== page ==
WASHINGTON — Clear Channel Communications is taking it on the chin these days.
The Federal Communications Commission Tuesday slapped the radio behemoth with a $755,000 fine for a sexually explicit radio show, the highest monetary penalty the agency has ever leveled against a broadcaster for a single indecency violation.
Ruling came one day before FCC officials will travel to San Antonio, the home of Clear Channel corporate headquarters, to hold a forum on concentration in the news and entertainment biz and its impact on the media’s ability to cover local issues and reflect local flavor.
A coalition of Hollywood labor groups will descend on San Antonio to protest the hearing and take on Clear Channel directly. Reps from the American Federation of Television and Radio Artists, the American Federation of Musicians, Communications Workers of America, the Newspaper Guild and watchdog group Common Cause will present a report titled “A Clear Picture of Clear Channel,” which examines the radio giant’s impact on the arts and entertainment industries and workers in the biz. Other activist groups plan to protest outside the hearing and target Clear Channel by name.
In the past few years Clear Channel has become a common punching bag for activists who oppose media consolidation. After the 1996 Telecom law, which relaxed several restrictions on concentration, Clear Channel’s radio holdings mushroomed from some 400 stations to more than 1,200.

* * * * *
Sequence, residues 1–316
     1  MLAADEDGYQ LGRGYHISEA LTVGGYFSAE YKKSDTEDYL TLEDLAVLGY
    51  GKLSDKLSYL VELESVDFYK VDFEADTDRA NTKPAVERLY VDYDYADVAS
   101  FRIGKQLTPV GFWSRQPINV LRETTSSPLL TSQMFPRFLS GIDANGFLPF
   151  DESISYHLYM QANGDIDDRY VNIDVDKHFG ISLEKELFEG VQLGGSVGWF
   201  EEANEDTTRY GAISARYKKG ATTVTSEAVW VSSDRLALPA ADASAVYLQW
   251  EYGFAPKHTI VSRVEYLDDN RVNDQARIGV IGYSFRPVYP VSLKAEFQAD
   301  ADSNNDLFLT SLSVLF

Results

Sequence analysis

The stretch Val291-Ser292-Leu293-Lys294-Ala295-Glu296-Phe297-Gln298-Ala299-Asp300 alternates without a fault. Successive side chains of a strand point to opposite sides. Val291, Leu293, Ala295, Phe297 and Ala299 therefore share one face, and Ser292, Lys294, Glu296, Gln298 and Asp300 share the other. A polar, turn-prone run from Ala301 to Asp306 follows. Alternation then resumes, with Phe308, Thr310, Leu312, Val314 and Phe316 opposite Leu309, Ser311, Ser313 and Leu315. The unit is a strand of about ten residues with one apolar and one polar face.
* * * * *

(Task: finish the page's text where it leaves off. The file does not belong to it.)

Aside from an attempt to force Clear Channel to clean up its act, the hefty FCC fine also appears to be proof of the agency’s new get-tough stance on indecency. Agency topper Michael Powell recently called on Congress to increase fines for indecency tenfold and Rep. Fred Upton (R-Mich.) responded by introducing a bill to do just that and announcing a House Energy and Commerce hearing skedded for today on broadcast indecency titled, “Can You Say That on TV?”
The FCC fined Clear Channel for airing various episodes of “Bubba the Love Sponge,” a total of 26 times on four Florida stations in 2001. Agency proposed the maximum fine of $27,500 per episode, or a total of $715,000 plus a $40,000 additional fine for poor record-keeping. Clear Channel has 30 days to pay the fine or appeal.
After the FCC announcement, Clear Channel execs attempted to burnish the company’s image.
“We work hard every day to entertain, not offend our listeners,” said John Hogan, CEO of Clear Channel Radio. “None of us defend or encourage indecent content — it’s simply not part of our corporate culture,” he said.
Clear Channel also highlighted the vague nature of the federal indecency standards and called for an industry task force to develop precise standards for radio, television, cable and satcasters.
The FCC Tuesday also fined KRON Channel 4 in San Francisco the maximum $27,500 for broadcasting indecent material on its morning news program.
A spokeswoman for Young Broadcasting declined to comment.
Reporters for the San Francisco station interviewed performers with the “Puppetry of the Penis,” theatrical troupe who wore capes but nothing else. During the show, one performer briefly exposed himself. In its ruling, the FCC acknowledged that the display was only “fleeting,” but maintained that the station could have expected and prevented it.